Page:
You can find more information about Echinacea pallida flowering phenology and links to previous flog posts regarding this experiment at the background page for the experiment.

Project status update: Echinacea pallida Flowering Phenology

Echinacea pallida, a non-native Echinacea species that is compatible with E. angustifolia, was planted at a restoration at Hegg Lake WMA.  One aspect of the potential that E. pallida has to interact with E. angustifolia individuals is the synchrony of their flowering timing, or phenology. To study this, we have kept track of the start and end dates of flowering for Echinacea pallida individuals in the Hegg restoration plot since 2011. In 2015, we identified 48 flowering plants with 139 heads. Flowering began on June 30th. Then, on July 15th, we chopped off all the Echinacea pallida heads. Before this date, 34 individuals flowered.

pallidaScene2

Flowering schedule and map of Echinacea pallida at Hegg WMA. Note the abrupt end of flowering on July 15th. Click to enlarge!

Read more about this experiment.

Start year: 2011

Site: Hegg Lake WMA restoration

Products: In Fall 2013, Aaron and Grace, externs from Carleton College, investigated hybridization potential by analyzing the phenology and seed set of Echinacea pallida and neighboring Echinacea angustifolia that Dayvis collected in summer 2013. They wrote a report of their study.

Overlaps with: Echinacea hybrids (exPt6, exPt7, exPt9),  flowering phenology in remnants

Previous team members who have worked on this project include: Nicholas Goldsmith (2011), Shona Sanford-Long (2012), Dayvis Blasini (2013), and Cam Shorb (2014)

 

Personal projects and P2 measuring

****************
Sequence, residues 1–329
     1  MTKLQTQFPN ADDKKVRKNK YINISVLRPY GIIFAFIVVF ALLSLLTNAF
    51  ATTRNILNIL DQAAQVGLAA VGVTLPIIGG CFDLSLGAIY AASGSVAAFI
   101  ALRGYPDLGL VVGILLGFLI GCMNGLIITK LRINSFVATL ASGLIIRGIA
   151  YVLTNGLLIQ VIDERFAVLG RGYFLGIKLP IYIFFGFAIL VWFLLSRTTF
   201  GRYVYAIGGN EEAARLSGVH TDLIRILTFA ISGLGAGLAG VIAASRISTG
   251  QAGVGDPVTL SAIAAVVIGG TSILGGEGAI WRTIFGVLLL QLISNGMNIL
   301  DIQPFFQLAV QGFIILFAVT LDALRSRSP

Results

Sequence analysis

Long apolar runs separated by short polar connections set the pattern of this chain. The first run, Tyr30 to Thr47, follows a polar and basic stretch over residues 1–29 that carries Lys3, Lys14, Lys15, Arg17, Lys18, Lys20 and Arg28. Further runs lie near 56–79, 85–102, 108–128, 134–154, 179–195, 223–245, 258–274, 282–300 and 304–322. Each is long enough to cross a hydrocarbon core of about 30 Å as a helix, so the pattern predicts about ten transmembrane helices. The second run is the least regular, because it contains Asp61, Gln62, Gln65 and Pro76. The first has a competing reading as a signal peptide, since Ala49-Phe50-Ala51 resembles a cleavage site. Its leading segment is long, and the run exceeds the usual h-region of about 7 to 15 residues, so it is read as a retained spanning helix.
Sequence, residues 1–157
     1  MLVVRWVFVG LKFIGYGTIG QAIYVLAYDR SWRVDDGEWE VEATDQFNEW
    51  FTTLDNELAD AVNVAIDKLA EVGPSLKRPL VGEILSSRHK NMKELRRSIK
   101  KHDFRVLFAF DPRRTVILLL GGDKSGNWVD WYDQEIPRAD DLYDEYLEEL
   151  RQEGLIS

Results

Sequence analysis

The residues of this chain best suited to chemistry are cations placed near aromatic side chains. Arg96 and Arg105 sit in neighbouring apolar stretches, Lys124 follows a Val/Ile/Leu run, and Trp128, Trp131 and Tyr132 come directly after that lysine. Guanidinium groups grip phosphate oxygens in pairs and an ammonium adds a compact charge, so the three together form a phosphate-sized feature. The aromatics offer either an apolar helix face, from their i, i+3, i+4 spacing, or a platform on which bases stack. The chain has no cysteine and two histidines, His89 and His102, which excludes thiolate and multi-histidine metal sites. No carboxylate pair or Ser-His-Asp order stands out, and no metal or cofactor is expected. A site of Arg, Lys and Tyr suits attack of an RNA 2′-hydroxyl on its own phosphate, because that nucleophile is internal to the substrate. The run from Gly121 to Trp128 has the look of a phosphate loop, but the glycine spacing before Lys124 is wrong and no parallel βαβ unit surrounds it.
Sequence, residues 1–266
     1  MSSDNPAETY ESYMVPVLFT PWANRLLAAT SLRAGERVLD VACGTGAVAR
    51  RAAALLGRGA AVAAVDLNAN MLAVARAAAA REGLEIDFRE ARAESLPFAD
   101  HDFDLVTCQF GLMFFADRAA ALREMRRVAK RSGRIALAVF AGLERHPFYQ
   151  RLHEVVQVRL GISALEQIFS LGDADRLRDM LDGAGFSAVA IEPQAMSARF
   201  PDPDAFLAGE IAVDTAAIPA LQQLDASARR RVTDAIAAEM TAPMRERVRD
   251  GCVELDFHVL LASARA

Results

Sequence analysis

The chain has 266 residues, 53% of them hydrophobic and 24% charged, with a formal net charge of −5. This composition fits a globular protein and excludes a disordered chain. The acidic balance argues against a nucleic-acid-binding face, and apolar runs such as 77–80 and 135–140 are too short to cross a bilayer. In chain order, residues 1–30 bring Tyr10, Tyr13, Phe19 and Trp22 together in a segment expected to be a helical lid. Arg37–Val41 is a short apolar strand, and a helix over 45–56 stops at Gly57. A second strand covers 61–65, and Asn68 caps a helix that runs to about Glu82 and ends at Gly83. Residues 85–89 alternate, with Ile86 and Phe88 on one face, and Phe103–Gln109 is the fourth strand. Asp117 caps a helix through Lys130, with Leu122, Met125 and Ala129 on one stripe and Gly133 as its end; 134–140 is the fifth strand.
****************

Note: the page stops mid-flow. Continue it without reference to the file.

We spent the morning working on our personal projects. Elizabeth assessed style shriveling on her crossed flowers at Yellow Orchid Hill, where, she reports, flowering has recently passed its peak. Meanwhile, Claire and Jared performed crosses on the focal plants on the west unit of Staffanson. In P1, Will worked on his pollen preservation experiment and the Pollinator Posse (Keaton, Maureen, and Jennifer) surveyed P1 phenology. Further afield, Alli continued her flowering community analysis.

But the real action was at Hegg Lake, where I finished my first round of aphid additions to Echinacea angustifolia, E. pallida, and their hybrids in P7. I have almost doubled my efficiency since starting the additions, performing 20 additions in a little over an hour. I also surveyed the phenology of the 18 E. pallida flowering in the restoration nearby. Aphid survival and flowering phenology may seem pretty disparate topics–and they are–but they both inform our understanding of the consequences of introducing a non-native but closely related Echinacea species. Do they support the same aphids? How about their hybrids? How likely are they to hybridize? How much does their flowering phenology overlap? It’s hard to stick to just one question.

Doubtless inspired by my example, the rest of the team came to Hegg in the afternoon, where we measured plants in P2. Many of us we were able to increase our efficiency by working alone instead of in pairs, and row by row we progressed eastward. Less than an afternoon’s work remains.

Cam Shorb’s Project Proposal: Aphids on hybrid Echinacea

Here is the latest draft of my proposal to investigate the survival rates of Aphis echinaceae on Echinacea hybrids and the impact they have on host fitness:

CMS_proposal_8Jul2014.pdf

I’m excited to get started. In addition to my main project, I will be conducting and coordinating a variety of side projects related to aphids and Echinacea hybrids:

1. Katherine Muller and Lydia English’s aphid addition/exclusion experiment in P1.
2. Assessing fitness of the two Echinacea species and their hybrids in P6 (Josh’s Garden) and P7 (at Hegg Lake).
3. Recording flowering phenology of Echinacea pallida at Hegg Lake, where they were planted in a prairie restoration.